My favourite summit: Pic Rouge de Bassiès 2676m

I don’t know why the golden half-dome of this summit has taunted me ever since I spotted it on the horizon of Pyrenean peaks in the Ariège. Its distinctive profile seemed to pop up everywhere I went.  Rising up smoothly on one side, the dome breaks off abruptly where its eastern side has been chiselled away, no doubt by long-ago ice action.

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Walking through the woods in winter, I’d spotted it rearing up in white like a petrified breaking wave, the only hint that there was a mountain chain there at all.  At 2676m it was higher than anything else I’d reached apart from Mont Valier, but it isn’t a technical climb, just a rollercoaster of a long, long ridge that rises and falls as it switches through changing terrain.

 

 

I’ve wanted to stand on that summit for years, although I’d turned back twice; once because the jagged teeth of the approach ridge looked too scary, and the second time when a large bank of cloud suddenly engulfed the summit dome, just as I was at its foot.

This October, seeing a window of clear, cool days, I was going to do it.

Parking at Coumebière (1400m), the round walk is about 15-16 miles with a height gain of 1276m, so it’s a very long day, with some tiring scrambling across a boulder field of pink-tinged rocks that give the peak its name.

 

 

From Coumebière follow signs to the étang de Labant, then climb up through the beech woods behind it to gain a small col on the ridge. Take a moment to enjoy the stupendous view over the Garbet Valley and the glacial cirques to the south, before turning left onto the uppermost path. Follow this path above the Garbet and eventually it turns left to rise steeply up to the main ridge that overlooks the Bassiès lakes. The destination summit is now visible in the far distance.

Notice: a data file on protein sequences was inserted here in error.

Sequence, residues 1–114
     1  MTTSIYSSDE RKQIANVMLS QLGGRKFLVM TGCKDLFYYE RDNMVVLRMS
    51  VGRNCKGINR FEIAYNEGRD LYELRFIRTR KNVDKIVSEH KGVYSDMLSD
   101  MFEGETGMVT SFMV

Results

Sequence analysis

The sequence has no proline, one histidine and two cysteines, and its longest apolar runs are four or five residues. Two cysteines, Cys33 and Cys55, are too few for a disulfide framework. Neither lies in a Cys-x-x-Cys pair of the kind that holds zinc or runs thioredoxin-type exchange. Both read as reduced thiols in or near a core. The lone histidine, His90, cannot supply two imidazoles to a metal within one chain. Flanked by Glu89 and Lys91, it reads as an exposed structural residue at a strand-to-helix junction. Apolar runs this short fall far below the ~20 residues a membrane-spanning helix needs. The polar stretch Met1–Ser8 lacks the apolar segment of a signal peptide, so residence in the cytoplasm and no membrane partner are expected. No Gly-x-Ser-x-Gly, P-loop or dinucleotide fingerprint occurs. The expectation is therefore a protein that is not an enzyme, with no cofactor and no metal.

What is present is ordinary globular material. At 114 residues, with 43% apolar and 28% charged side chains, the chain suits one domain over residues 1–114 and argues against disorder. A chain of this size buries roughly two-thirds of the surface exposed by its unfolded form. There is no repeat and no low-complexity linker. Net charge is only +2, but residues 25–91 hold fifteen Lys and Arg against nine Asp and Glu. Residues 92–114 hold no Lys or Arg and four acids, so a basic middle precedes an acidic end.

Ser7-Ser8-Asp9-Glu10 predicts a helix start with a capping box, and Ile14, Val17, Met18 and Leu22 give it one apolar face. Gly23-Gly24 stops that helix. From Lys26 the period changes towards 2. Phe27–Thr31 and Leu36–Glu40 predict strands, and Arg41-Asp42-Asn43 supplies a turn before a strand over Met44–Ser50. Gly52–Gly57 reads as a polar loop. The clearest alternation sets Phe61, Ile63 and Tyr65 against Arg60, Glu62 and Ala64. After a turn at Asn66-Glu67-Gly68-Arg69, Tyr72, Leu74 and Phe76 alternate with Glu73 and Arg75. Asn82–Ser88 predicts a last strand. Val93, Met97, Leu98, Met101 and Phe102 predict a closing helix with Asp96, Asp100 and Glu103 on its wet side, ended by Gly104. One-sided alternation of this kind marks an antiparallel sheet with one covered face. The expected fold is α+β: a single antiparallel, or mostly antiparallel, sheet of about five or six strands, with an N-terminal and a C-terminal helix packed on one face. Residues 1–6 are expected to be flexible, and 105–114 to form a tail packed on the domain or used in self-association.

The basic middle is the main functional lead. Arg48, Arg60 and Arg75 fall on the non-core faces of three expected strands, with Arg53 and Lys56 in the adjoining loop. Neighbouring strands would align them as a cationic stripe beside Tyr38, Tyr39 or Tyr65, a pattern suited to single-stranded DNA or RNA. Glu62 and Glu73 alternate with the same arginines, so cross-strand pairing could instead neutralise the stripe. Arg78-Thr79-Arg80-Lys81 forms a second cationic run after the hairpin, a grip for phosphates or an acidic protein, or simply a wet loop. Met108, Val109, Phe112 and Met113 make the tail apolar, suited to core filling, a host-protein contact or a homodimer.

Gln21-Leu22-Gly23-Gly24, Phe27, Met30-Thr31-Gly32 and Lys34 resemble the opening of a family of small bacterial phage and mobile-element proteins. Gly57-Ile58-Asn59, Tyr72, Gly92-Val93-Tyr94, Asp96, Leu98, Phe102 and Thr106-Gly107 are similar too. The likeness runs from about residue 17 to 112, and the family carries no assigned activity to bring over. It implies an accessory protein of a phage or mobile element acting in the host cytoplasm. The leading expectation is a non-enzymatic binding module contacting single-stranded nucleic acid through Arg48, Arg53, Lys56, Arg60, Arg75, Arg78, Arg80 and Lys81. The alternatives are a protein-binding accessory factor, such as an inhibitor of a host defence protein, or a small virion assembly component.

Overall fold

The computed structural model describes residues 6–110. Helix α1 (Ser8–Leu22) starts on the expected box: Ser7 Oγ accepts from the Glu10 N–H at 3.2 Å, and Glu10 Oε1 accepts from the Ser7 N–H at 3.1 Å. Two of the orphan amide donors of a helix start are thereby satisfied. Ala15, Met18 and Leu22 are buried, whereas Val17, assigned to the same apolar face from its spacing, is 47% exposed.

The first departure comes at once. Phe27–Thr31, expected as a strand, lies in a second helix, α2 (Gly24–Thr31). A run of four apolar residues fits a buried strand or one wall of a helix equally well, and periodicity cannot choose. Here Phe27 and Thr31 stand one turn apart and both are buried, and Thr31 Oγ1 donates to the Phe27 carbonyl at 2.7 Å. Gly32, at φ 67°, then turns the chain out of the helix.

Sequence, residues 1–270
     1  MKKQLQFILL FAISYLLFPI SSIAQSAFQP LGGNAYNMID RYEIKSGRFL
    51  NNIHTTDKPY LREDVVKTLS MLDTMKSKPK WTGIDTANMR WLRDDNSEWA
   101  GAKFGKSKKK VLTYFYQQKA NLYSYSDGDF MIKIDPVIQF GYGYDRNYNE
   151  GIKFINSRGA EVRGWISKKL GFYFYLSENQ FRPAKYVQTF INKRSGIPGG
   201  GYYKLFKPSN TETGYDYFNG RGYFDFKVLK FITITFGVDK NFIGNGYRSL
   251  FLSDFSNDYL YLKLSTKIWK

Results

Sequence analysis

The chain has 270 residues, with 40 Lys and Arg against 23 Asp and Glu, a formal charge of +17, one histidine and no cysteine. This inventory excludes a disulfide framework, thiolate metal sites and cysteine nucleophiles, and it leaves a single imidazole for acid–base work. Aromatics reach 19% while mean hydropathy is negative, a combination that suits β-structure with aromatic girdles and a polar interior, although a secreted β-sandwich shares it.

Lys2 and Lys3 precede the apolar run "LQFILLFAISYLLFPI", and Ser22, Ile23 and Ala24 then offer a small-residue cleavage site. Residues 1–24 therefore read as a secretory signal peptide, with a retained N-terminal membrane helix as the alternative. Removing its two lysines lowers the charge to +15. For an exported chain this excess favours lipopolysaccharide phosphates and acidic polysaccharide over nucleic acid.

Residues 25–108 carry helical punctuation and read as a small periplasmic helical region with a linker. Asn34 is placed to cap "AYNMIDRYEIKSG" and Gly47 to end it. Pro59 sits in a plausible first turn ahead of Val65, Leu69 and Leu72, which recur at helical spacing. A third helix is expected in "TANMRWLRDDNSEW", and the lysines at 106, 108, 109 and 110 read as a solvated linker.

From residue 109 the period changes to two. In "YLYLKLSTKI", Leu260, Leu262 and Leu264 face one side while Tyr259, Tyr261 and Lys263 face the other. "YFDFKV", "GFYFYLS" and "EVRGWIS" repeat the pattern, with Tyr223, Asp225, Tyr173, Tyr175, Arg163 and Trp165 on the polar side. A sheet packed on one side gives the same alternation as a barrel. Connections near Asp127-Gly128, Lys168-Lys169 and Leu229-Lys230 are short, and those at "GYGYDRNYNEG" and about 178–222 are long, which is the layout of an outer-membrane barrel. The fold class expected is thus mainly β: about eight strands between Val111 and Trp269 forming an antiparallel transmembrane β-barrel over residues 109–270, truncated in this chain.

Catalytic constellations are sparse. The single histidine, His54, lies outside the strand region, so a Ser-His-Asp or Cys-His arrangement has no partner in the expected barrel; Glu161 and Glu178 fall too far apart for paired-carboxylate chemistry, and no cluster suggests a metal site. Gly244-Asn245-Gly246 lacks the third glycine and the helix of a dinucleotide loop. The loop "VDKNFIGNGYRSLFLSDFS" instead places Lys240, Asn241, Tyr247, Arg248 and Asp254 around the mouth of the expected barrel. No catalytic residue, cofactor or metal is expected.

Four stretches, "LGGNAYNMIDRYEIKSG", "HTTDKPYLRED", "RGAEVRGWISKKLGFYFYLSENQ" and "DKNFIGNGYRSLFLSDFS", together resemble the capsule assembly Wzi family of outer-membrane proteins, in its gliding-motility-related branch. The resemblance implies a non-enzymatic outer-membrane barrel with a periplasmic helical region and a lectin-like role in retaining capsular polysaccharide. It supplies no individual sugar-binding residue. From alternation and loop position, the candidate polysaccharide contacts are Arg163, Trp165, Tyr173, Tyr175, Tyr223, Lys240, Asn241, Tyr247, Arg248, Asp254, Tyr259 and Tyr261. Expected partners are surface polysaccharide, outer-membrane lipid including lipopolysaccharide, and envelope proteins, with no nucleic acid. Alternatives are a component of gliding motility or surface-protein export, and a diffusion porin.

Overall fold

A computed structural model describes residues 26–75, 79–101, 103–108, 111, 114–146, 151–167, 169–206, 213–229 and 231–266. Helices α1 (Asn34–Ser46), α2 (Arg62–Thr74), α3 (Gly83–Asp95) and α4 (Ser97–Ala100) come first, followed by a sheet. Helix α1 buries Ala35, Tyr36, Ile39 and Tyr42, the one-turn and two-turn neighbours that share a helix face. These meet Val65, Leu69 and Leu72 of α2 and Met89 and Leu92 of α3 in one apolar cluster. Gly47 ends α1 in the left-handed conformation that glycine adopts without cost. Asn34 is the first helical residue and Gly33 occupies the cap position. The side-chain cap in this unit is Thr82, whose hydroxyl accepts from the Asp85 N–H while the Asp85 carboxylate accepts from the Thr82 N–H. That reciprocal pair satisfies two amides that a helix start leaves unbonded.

Follow the ridge path as it takes you over Pic des Planes and Cot de Morech, and then as the ridge becomes spiky with towering rocks, the path turns to the left of that crest, keeping below it. After an hour of scrambling over boulders – keep an eye open for the cairns and yellow markers – you’re at the foot of the summit dome. The path zig zags up steeply until suddenly, there’s the tall summit cairn ahead, and you’re looking across the other side to the Montcalm massif. If you’ve ever walked to the etang du Garbet, you’ll recognise the craggy ridge of the surrounding cirque (with the distinctive notch of the couillade de Puntussan) down to the west, along with Puntussan itself and a glimpse of  étang Bleu.